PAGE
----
These results come from a new study by the Brookings Institute (PDF). Using data from the National Survey of Family Growth (NSFG) 2011-2013, researchers sought to answer one question:
How much do gaps in contraception and abortion matter in terms of explaining variation in unintended birth rates by income?
From the more than 10,000 men and women who responded to the NSFG, researchers focused on 3,885 single women who were not trying to get pregnant. Women fell into this category if they fell into one of the following three categories:
- Using contraception
- Not using contraception for a reason other that trying to get pregnant (e.g. cost)
- Classifying a pregnancy as unintended
The sample was then placed into one of five income categories.
- At or below FPL
- 100-200% FPL
- 200-300% FPL
- 300-400% FPL
- 400%+ FPL
The researchers used these categories to make comparisons on four measures: sexual activity, contraception, abortion, and birth.
- Sexual Activity was defined as having at least one opposite sex partner in the last year. There were no differences in rates by income level. Researchers also looked at sexual activity in the last month and total number of sexual partners in the last year and found no relationship. Sexual frequency is not captured in any of these measures and could account for some of the differences in rates of unintended pregnancy. However, past research supports the idea highlighted here that there is no connection between SES and how much sex people are having.
- Contraception was defined as any contraception use in the last year. Women with the lowest income were twice as likely to have sex without contraception compared to those with the highest income. No analyses were done by type of contraception used which can also be related to the differences in unintended pregnancies.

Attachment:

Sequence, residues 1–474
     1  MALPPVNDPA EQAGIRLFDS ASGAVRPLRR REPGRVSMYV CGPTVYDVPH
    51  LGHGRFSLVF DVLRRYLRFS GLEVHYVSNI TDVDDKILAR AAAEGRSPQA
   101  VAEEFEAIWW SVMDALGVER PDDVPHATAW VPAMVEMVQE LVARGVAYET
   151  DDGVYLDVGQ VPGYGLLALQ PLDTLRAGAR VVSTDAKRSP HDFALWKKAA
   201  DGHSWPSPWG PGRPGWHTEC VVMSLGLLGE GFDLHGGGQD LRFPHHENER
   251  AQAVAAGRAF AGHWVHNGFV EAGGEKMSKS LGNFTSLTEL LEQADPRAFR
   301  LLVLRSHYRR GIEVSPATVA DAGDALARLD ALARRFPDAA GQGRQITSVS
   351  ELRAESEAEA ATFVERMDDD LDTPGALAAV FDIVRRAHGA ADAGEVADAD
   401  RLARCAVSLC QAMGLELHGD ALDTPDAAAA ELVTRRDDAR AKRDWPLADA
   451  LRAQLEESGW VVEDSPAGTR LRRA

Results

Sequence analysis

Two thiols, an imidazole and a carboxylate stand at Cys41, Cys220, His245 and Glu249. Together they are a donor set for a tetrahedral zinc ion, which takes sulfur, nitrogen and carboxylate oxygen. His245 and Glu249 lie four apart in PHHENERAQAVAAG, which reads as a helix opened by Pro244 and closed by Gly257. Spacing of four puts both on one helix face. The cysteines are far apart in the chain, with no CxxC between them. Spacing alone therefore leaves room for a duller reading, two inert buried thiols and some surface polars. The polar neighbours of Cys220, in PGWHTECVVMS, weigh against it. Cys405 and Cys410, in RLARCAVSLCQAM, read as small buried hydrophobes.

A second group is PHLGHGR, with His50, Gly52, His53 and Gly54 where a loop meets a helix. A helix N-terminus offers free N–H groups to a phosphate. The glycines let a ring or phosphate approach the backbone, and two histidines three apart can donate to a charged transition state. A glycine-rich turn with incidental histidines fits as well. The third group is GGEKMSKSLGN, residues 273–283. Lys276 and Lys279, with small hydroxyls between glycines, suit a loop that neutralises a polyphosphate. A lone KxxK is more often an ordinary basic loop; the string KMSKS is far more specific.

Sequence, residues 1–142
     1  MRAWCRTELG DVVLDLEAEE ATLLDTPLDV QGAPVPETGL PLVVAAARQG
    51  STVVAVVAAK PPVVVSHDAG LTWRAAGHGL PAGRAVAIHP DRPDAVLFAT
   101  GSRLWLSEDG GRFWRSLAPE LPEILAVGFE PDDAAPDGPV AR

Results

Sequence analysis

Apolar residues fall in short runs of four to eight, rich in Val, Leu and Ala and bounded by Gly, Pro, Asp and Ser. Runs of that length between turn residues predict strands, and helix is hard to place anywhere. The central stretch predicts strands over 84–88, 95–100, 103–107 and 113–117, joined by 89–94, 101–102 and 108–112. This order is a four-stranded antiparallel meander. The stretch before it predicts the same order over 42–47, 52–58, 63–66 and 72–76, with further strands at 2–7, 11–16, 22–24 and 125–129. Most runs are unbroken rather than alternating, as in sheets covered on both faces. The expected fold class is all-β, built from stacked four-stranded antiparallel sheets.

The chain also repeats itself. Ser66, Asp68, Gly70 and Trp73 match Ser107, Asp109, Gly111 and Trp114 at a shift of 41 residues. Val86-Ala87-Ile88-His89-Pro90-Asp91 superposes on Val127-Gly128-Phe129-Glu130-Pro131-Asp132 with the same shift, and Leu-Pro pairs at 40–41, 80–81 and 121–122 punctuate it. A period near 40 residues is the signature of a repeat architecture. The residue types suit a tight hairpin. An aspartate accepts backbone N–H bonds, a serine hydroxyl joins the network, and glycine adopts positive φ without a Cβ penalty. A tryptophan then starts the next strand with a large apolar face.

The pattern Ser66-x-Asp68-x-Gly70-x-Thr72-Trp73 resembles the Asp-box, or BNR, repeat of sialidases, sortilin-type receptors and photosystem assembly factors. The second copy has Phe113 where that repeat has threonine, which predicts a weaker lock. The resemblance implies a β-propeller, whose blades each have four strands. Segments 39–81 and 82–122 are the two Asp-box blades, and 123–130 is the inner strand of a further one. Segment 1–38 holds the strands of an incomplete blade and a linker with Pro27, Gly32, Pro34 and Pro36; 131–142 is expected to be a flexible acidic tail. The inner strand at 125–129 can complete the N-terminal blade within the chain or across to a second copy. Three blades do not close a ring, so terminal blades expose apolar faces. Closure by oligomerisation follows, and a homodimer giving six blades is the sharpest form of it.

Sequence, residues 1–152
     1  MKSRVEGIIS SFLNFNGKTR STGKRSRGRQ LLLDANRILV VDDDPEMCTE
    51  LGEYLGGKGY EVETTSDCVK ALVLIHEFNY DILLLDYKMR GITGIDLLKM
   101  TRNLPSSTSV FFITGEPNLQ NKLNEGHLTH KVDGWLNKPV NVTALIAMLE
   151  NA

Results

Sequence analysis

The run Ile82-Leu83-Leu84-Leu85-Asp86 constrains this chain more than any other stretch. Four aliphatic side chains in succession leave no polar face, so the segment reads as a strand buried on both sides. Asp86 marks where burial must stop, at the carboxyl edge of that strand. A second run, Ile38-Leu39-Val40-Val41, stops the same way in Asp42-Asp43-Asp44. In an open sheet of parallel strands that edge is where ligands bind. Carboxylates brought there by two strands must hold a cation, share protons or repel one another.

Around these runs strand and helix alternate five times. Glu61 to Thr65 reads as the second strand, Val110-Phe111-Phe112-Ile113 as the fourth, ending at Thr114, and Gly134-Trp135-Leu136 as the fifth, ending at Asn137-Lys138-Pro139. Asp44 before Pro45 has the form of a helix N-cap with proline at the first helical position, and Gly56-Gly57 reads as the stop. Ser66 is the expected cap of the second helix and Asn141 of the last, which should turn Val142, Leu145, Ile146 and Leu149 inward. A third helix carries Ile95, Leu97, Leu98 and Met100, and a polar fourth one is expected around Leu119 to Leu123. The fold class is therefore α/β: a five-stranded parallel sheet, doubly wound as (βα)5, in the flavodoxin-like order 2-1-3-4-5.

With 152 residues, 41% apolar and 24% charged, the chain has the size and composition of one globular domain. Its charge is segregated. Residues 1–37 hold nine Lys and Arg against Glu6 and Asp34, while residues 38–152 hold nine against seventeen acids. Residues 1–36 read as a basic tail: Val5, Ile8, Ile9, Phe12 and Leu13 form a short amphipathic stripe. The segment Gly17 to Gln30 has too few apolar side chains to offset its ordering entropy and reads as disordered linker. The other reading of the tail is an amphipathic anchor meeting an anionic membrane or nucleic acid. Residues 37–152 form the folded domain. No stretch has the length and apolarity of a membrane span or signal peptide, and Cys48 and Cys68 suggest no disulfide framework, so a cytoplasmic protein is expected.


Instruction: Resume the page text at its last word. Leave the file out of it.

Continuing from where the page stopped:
- Abortion rate was calculated by dividing the the women who reported their last pregnancy ended in abortion by the women who reported a pregnancy in the last year. Women with the lowest income were more than three times less likely to have an abortion than those with the highest income. Access to abortion services was not explicitly examined although it is implied that those with higher incomes would have the means to travel even if they lived in an area without one.
- The birth rate was almost five times higher for women with the lowest income compared to those with the highest.
The authors went on to determine how the gap would be different if lower income women adopted the same rates as the highest income women. Their findings are twofold:
- If all single women adopted the high SES rates of contraception use, the gap in unintended births would be cut in half.
- If all single women adopted the high SES rates of abortion, the gap in unintended birth would be reduced by a third.
These are tabulations, however, and may not tell the whole story.
Other Factors Influencing the Contraception and Abortion Gaps
Several other factors may come into play when discussing the differences in pregnancy rates by SES.